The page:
It is a challenge that even most radio stations in France struggle with: making French people like French pop music. But yesterday, undaunted, a group of British Francophiles announced plans to set up French Radio London, the capital's first ever French language terrestrial station.
To be launched in early November with an 80 per cent French music quota, it will be "aimed primarily at London's 400,000 native French speakers" as well as the large number of British Francophiles in the city.
"I am happy to take on the considerable challenge of introducing French pop music to Britain," said Pascal Grierson, who set up the station, adding: "Its reputation has taken something of a battering for a long time, but there is quite a lot of decent stuff out there."
He described the station's target listeners as "25-50 year-old ABC1s", adding: "French radio has a 40 per cent quota; we want to impose an 80 per cent quota here. We will not ignore English-language music but we want to give our listeners something they will remember from their childhood.
"Most of them are educated, cultivated people and we will provide music which is easy to listen to as well as chat shows because everyone knows how the French like to talk."
Mr Grierson said he was close to appointing a breakfast show presenter and was on the lookout for a female co-presenter. "We have someone lined up who has been a good, solid broadcaster on French radio for a number of years, but who is probably not so well known in the UK," he said.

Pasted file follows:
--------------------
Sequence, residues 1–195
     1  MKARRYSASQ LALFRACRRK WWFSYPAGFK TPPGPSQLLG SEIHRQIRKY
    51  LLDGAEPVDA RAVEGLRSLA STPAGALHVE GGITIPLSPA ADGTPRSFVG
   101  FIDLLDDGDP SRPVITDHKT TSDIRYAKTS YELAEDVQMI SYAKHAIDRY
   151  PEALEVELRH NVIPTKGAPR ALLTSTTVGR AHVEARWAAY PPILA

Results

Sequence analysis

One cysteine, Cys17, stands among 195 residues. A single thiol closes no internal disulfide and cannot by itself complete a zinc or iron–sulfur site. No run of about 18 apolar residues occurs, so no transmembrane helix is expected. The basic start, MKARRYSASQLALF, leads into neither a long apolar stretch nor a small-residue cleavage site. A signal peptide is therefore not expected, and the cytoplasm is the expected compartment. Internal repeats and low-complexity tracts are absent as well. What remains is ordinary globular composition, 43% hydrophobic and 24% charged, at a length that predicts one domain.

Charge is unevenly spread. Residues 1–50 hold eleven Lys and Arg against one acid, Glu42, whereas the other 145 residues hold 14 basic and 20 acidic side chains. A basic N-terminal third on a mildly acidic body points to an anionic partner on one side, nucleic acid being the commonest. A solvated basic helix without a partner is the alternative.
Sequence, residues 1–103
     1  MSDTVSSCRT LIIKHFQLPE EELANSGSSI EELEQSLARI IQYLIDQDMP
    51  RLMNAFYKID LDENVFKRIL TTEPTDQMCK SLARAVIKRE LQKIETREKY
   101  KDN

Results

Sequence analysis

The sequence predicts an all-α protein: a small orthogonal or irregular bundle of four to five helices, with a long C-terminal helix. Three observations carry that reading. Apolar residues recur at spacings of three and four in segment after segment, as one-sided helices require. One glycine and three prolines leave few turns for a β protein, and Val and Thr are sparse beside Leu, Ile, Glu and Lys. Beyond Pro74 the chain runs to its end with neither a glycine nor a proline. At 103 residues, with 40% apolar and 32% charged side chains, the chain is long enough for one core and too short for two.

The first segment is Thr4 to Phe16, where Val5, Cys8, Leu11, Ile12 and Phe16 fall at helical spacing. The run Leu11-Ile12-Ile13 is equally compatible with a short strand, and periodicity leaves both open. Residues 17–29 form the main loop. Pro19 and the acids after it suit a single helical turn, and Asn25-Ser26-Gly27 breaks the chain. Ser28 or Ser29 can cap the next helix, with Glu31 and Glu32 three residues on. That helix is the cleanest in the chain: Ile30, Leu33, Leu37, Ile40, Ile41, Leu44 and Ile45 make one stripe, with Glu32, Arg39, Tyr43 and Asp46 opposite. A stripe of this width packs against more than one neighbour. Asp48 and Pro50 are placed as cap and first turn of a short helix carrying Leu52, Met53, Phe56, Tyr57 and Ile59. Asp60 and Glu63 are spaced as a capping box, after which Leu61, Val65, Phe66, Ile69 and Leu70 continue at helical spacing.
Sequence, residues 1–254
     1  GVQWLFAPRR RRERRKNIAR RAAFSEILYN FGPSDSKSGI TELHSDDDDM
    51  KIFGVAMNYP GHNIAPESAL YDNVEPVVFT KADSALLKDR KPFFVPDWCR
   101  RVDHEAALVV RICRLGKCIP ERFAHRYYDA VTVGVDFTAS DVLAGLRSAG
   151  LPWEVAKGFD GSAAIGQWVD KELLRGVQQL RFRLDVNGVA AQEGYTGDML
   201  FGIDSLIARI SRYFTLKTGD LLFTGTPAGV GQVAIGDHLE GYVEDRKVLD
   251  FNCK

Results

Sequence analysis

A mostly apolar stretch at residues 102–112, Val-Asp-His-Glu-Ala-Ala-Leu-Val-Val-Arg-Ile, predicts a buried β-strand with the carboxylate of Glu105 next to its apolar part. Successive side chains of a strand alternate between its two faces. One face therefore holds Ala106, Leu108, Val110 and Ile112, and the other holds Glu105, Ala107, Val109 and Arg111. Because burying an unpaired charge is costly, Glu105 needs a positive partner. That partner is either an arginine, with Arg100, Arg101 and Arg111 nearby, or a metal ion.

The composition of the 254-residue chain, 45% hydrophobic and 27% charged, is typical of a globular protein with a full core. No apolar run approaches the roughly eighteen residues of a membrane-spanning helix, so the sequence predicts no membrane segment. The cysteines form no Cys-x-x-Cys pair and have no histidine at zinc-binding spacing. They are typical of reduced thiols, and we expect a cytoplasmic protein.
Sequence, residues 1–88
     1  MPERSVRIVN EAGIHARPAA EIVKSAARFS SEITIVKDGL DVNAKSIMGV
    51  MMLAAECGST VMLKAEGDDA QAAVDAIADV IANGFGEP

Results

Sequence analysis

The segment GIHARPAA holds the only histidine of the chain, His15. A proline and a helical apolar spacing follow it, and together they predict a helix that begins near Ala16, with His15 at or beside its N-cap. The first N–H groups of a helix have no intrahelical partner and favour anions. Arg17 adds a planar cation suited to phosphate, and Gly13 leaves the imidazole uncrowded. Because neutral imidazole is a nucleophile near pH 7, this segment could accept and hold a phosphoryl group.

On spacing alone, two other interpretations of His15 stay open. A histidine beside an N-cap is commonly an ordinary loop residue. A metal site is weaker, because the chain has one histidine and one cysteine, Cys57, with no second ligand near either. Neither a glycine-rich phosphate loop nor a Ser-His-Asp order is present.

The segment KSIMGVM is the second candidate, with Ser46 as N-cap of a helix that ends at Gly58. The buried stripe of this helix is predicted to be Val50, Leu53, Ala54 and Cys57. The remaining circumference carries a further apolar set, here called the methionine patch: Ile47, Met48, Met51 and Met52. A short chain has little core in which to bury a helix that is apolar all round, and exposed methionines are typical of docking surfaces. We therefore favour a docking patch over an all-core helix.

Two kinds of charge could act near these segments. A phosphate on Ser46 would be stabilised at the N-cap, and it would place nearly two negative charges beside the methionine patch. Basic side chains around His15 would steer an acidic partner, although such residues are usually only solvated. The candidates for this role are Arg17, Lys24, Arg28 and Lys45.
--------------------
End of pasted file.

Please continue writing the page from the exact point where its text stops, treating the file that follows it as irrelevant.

The station will also prove useful to students of French, many of whom find it difficult to find up-to-date references to French culture. Others radio stations broadcast online and some people can receive French terrestrial radio, notably in Brighton. But for many of the 14 million British people who visit France each year, tuning into the station will be a rare chance to brush up on their linguistic and cultural knowledge in their own living rooms.
"The view of France is very often akin to how it looked in the early-1950s. French Radio London (FRL) will reflect a post-colonial France, with all of its influences from French-speaking nations," said a spokesman for the station.
Mr Grierson added that FRL will have music from Africa and Belgium as well as other countries. "If there is a new song from Charlotte Gainsbourg we think will interest our listeners, we will definitely play it, but I am considering who to employ as a specialist in African music because that is an important part of French identity now.
"For the French, this will be news, traffic and travel, music and chat, all in their native language. These are people who try hard to assimilate into the local culture but who want a reminder of their own."
FRL secured a channel slot with the digital radio company London II. It is taking over that released by Smooth Radio, which recently moved to a rival company. It will also be available online and on Smartphone apps.
Mr Grierson, the station's CEO, said: "We look forward to broadcasting a unique French voice on London's airwaves. This is an exciting development for listeners as well as UK- and French-based commercial partners who will benefit from a dedicated platform to reach French-speaking London residents and the wider Francophile community."
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